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Why do NBA players flop on defense? Because it works.

While there is less of it than there was a couple of years back — when the NBA made a big show about calling more flops and warning (then eventually fining players a pittance) for the move — it still exists. Case in point, this impressive one from Isaiah Thomas of the Lakers on Tyler Johnson of the Heat Friday night (hat tip AminElHassavag at NBA Reddit).

Was there a little contact, sure, but Thomas fell back like he was shot by the second gunman on the grassy knoll. He exaggerated the contact, which is the definition of flopping. Thing is, he got the call (the ref who made the call, from his position, might only have seen the contact and not necessarily the extent of exaggeration, but that’s where the other officials need to step in).

Not that everything went Thomas’ way Friday night.

Suns’ Marquese Chriss, Jared Dudley fined $25,000 each for knocking down Ricky Rubio


Marquese Chriss and Jared Dudley got off light.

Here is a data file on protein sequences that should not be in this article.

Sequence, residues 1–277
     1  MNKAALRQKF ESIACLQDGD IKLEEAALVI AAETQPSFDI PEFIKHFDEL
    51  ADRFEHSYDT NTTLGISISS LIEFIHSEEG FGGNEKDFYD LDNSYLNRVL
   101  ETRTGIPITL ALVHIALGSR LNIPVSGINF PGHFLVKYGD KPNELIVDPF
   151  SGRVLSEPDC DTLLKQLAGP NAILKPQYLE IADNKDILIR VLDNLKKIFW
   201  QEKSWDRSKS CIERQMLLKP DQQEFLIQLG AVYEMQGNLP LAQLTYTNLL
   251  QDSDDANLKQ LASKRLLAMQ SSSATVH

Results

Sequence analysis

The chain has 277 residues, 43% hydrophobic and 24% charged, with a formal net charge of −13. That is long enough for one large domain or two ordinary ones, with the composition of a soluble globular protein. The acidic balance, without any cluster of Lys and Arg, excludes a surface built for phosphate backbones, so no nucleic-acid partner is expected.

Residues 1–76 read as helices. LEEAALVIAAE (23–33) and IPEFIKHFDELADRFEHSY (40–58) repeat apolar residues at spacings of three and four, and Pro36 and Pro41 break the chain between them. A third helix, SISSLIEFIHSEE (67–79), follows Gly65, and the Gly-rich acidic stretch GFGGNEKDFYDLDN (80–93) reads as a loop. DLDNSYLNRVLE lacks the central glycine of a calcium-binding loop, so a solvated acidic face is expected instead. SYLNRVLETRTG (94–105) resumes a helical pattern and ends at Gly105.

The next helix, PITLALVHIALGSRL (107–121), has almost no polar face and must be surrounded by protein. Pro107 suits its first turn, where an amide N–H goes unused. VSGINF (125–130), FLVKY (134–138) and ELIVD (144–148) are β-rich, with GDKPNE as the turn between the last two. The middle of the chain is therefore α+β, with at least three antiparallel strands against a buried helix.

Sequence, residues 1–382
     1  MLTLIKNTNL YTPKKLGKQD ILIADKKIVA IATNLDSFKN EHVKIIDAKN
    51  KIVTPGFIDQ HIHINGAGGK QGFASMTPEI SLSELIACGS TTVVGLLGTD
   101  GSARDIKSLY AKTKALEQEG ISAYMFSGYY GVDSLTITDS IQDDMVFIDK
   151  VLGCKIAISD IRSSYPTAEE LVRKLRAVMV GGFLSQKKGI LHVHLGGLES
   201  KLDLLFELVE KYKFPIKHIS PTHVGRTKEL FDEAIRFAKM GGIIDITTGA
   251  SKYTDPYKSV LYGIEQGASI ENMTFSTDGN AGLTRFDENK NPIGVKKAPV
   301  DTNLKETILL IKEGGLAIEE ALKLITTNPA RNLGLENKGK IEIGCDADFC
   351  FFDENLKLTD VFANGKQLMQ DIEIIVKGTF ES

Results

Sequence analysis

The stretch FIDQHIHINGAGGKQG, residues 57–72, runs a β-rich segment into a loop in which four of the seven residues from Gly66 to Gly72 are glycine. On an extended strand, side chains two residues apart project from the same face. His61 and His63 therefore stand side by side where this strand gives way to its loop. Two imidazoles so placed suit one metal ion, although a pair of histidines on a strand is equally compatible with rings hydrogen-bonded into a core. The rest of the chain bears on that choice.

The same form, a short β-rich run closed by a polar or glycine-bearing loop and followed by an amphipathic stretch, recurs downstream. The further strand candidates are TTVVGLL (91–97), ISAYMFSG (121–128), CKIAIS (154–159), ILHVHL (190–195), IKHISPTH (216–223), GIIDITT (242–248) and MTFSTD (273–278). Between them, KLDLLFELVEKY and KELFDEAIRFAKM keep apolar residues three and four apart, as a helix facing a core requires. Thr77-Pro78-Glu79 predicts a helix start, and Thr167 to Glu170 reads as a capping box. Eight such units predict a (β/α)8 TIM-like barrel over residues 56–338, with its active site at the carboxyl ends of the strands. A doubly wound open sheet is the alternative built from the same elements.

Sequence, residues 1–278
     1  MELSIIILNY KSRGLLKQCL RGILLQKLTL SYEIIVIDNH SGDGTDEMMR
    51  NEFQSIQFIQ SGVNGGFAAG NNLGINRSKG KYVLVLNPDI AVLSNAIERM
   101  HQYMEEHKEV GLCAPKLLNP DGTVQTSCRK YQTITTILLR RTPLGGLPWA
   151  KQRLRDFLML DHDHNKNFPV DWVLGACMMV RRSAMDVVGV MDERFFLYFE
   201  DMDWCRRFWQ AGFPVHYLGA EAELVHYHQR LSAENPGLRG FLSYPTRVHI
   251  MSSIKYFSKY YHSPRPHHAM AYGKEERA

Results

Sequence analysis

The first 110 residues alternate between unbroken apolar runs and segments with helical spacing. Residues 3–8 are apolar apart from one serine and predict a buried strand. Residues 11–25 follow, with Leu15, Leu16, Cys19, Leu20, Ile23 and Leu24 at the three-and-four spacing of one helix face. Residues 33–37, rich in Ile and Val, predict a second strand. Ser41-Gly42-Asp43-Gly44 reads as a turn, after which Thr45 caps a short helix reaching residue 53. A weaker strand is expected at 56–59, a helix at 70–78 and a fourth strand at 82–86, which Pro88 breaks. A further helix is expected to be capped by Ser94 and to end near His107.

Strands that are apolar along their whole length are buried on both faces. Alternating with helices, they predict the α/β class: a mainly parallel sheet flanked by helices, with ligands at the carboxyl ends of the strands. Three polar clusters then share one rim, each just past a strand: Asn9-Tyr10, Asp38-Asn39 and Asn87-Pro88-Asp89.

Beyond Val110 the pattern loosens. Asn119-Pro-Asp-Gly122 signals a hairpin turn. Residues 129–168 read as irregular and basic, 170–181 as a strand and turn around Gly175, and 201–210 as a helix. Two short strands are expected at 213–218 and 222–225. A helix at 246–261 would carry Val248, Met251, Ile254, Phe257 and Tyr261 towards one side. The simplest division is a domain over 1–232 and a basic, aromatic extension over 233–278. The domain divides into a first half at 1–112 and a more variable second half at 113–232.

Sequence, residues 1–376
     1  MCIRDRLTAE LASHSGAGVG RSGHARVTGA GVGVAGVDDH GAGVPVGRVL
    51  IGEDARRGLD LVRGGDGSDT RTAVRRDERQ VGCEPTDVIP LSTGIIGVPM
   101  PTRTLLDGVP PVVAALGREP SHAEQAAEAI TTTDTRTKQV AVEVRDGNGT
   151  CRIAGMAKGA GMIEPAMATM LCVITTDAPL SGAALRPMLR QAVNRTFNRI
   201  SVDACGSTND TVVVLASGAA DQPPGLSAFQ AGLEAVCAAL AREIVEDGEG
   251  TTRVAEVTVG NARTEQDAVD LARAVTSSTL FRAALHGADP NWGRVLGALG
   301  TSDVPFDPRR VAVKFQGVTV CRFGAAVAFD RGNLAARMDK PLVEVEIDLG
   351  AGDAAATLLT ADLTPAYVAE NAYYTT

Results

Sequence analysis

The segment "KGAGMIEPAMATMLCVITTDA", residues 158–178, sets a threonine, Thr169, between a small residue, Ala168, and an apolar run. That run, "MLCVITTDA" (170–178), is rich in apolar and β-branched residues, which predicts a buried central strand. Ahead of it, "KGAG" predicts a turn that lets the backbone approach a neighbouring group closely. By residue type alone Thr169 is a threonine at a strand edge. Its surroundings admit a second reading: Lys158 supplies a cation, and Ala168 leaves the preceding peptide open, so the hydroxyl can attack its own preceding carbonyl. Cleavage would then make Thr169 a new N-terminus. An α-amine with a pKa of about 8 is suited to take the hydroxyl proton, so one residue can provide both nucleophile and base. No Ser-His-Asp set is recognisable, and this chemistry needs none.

There should have been suspensions involved for the cheap shots leveled on Ricky Rubio by the pair during Thursday night’s blowout Jazz win. Instead, the pair were fined $25,000 a piece by the league Saturday for this incident.

Rubio has a knee contusion from the incident Jazz coach Quin Snyder confirmed, however, Rubio is available to play Saturday vs. the Kings.

Dudley was given a flagrant 2 and ejected at the time, Chriss was handed just a flagrant 1 for his escalation. I don’t completely buy Dudley’s explanation here either — I think they were pissed Rubio stepped over a down Chriss to inbound the ball and made him pay for it — but he did own up to it being excessive.

So to be clear, if you throw a haymaker and miss — as Aaron Afflalo did recently — that’s a two-game suspension. But if you throw or body check a player to the ground, that’s just 25 large, no time missed. Players wanting retaliation will take note of that.

Roulette tables are less random than the NBA’s enforcement policies.

Check out Terrance Ferguson’s acrobatic layup vs. Clippers (VIDEO)


It was supposed to be an alley-oop.

However, Raymond Felton‘s pass was low. And not just a little low, a few feet low.

Oklahoma City’s athletic rookie Terrance Ferguson was leaving the ground as the pass was thrown, meaning he had to make an in-air adjustment — and the results were spectacular.